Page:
Sadly, the AAFP has done the opposite. The AAFP is supposed to be an organization that works to protect the health of children not put them at risk. Their decision to take soda money is all the more unconscionable because, unlike doctors in the 40s, they well know the negative health impact of soda. There is no shortage of documentation that soda is a major contributor to our nation's obesity epidemic.
With the epidemic of obesity we are seeing an increase in risks for heart attacks, strokes and diabetes. According to a study by the UCLA Center for Health Policy Research, 41% of young children aged 2 to 11 drink at least one soda or sugar-sweetened beverage per day .
Even more alarming, the study found 62% of older children youths aged 12 to 17 drink one or more sugar-sweetened beverage per day --the same as consuming an amazing 39 pounds of sugar each year in sugar-sweetened beverages alone.
The Centers for Disease Control and Prevention estimate that if current trends continue, as many as 1 out of every 5 children today will grow up with type II diabetes. And a recent report shows a 33 percent rise in obesity rates statewide and the reported economic impact of being overweight, obese and physically inactive has nearly doubled, now costing California as a whole an estimated $41 billion a year -- $1.3 in Contra Costa alone in health care costs.
Let me be clear about something: as disappointed as I am with the American Academy of Family Physicians for being duped into thinking that Coca Cola wants to help promote health, the real problem here is our children are being put at risk."
Earlier, on October 22, nutrition advocates had condemned the "conflict of interest" such an alliance represented. "Yesterday, the Centers for Science in the Public Interest said the AAFP should urge patients to avoid sweetened soft drinks, which "promote obesity, diabetes, tooth decay, and other health problems."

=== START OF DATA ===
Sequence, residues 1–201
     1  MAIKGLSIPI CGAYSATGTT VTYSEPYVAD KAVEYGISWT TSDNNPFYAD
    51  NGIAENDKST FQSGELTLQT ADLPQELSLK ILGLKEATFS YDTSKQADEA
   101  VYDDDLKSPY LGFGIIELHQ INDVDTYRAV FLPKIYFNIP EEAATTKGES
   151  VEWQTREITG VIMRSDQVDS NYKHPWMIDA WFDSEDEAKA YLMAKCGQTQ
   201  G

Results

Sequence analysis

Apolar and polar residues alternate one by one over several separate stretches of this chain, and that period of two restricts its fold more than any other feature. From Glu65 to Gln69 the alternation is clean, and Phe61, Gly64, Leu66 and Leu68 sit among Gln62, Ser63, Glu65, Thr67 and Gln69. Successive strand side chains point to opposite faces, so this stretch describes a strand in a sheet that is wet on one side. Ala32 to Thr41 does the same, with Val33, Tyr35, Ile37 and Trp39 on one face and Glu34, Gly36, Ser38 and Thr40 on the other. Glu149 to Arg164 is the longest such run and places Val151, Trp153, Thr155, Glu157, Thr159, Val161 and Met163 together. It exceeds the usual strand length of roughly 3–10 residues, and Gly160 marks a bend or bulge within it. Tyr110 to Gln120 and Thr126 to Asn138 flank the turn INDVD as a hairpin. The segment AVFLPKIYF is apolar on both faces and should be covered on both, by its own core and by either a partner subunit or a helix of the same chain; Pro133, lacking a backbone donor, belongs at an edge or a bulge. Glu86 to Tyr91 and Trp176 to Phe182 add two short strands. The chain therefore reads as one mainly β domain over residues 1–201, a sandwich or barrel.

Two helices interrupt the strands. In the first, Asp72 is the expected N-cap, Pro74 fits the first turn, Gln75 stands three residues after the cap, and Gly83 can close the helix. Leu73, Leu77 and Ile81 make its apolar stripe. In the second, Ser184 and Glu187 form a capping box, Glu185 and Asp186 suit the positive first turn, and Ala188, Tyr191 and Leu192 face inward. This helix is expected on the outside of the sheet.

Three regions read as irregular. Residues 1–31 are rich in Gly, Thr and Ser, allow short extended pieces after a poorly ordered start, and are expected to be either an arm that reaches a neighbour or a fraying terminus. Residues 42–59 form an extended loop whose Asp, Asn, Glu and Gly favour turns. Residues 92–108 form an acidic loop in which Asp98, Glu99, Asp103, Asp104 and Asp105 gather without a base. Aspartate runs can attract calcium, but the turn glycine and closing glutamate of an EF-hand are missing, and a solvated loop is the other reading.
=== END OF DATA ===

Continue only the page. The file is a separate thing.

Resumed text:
Marion Nestle, PhD, a food policy researcher at New York University, called the partnership an "embarrassing conflict of interest. I hope AAFP members decide that no matter what Coke paid for this partnership, their loss of credibility is not worth the price," she wrote on her blog, Foodpolitics.com.
Kelly Brownell, PhD, of Yale, called the AAFP's acceptance of the grant money "disheartening."
"There is no question that products made by the soft drink companies contribute to diseases that family physicians then have to treat, often without much success," Brownell said. "Taking the money to develop guidelines for healthy eating is beyond imagination."
Gradually, word is getting out about this so-called alliance. Although the shocking collapse of a part of the Bay Bridge prevented the San Francisco media from covering Dr. Walker's press conference, Facebook and Twitter have spread the news of this unholy alliance.
Now it's time for mainstream news to dig into this story, embarrass the family physicians' organization for its crass acceptance of money from Coca Cola, and for even more doctors to resign their membership. In the end, the AAFP will realize that no amount of money was worth undermining their credibility and reputation.